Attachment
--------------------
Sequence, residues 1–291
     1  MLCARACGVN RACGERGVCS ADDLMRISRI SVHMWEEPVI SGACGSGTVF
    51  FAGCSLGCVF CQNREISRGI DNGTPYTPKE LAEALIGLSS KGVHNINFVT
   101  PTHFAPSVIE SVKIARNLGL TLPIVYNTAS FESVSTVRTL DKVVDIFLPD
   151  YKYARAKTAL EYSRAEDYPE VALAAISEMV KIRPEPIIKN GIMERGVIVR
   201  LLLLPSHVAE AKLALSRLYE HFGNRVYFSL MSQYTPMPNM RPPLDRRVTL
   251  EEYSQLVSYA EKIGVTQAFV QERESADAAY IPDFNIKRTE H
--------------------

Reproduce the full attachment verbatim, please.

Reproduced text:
Sequence, residues 1–291
     1  MLCARACGVN RACGERGVCS ADDLMRISRI SVHMWEEPVI SGACGSGTVF
    51  FAGCSLGCVF CQNREISRGI DNGTPYTPKE LAEALIGLSS KGVHNINFVT
   101  PTHFAPSVIE SVKIARNLGL TLPIVYNTAS FESVSTVRTL DKVVDIFLPD
   151  YKYARAKTAL EYSRAEDYPE VALAAISEMV KIRPEPIIKN GIMERGVIVR
   201  LLLLPSHVAE AKLALSRLYE HFGNRVYFSL MSQYTPMPNM RPPLDRRVTL
   251  EEYSQLVSYA EKIGVTQAFV QERESADAAY IPDFNIKRTE H